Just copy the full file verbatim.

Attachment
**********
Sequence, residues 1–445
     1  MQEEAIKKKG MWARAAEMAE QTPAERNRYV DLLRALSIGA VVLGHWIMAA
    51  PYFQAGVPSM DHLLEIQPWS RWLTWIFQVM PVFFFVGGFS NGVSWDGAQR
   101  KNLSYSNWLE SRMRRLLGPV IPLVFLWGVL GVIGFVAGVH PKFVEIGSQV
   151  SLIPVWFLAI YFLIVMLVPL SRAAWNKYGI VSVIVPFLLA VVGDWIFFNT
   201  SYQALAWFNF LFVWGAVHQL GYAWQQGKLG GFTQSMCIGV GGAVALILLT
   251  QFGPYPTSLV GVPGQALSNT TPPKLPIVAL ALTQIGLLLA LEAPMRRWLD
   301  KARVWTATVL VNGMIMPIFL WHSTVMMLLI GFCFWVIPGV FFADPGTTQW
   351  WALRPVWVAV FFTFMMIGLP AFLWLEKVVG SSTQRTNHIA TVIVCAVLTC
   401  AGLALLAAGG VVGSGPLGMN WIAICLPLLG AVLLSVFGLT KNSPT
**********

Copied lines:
Sequence, residues 1–445
     1  MQEEAIKKKG MWARAAEMAE QTPAERNRYV DLLRALSIGA VVLGHWIMAA
    51  PYFQAGVPSM DHLLEIQPWS RWLTWIFQVM PVFFFVGGFS NGVSWDGAQR
   101  KNLSYSNWLE SRMRRLLGPV IPLVFLWGVL GVIGFVAGVH PKFVEIGSQV
   151  SLIPVWFLAI YFLIVMLVPL SRAAWNKYGI VSVIVPFLLA VVGDWIFFNT
   201  SYQALAWFNF LFVWGAVHQL GYAWQQGKLG GFTQSMCIGV GGAVALILLT
   251  QFGPYPTSLV GVPGQALSNT TPPKLPIVAL ALTQIGLLLA LEAPMRRWLD
   301  KARVWTATVL VNGMIMPIFL WHSTVMMLLI GFCFWVIPGV FFADPGTTQW
   351  WALRPVWVAV FFTFMMIGLP AFLWLEKVVG SSTQRTNHIA TVIVCAVLTC
   401  AGLALLAAGG VVGSGPLGMN WIAICLPLLG AVLLSVFGLT KNSPT